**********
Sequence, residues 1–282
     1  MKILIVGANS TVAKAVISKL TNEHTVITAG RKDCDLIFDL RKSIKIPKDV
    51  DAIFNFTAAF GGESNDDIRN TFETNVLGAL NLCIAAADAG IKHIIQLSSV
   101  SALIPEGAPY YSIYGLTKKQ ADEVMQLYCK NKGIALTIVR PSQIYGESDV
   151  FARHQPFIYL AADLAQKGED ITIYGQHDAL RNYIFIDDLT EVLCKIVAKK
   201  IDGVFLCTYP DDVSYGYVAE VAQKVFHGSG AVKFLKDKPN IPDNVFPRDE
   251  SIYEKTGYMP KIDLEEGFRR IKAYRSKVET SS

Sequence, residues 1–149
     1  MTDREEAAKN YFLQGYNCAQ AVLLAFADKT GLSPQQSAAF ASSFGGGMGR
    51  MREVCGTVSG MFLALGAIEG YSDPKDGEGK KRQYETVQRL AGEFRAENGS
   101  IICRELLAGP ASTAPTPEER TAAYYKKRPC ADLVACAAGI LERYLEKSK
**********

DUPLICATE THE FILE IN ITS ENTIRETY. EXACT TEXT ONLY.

Sequence, residues 1–282
     1  MKILIVGANS TVAKAVISKL TNEHTVITAG RKDCDLIFDL RKSIKIPKDV
    51  DAIFNFTAAF GGESNDDIRN TFETNVLGAL NLCIAAADAG IKHIIQLSSV
   101  SALIPEGAPY YSIYGLTKKQ ADEVMQLYCK NKGIALTIVR PSQIYGESDV
   151  FARHQPFIYL AADLAQKGED ITIYGQHDAL RNYIFIDDLT EVLCKIVAKK
   201  IDGVFLCTYP DDVSYGYVAE VAQKVFHGSG AVKFLKDKPN IPDNVFPRDE
   251  SIYEKTGYMP KIDLEEGFRR IKAYRSKVET SS

Sequence, residues 1–149
     1  MTDREEAAKN YFLQGYNCAQ AVLLAFADKT GLSPQQSAAF ASSFGGGMGR
    51  MREVCGTVSG MFLALGAIEG YSDPKDGEGK KRQYETVQRL AGEFRAENGS
   101  IICRELLAGP ASTAPTPEER TAAYYKKRPC ADLVACAAGI LERYLEKSK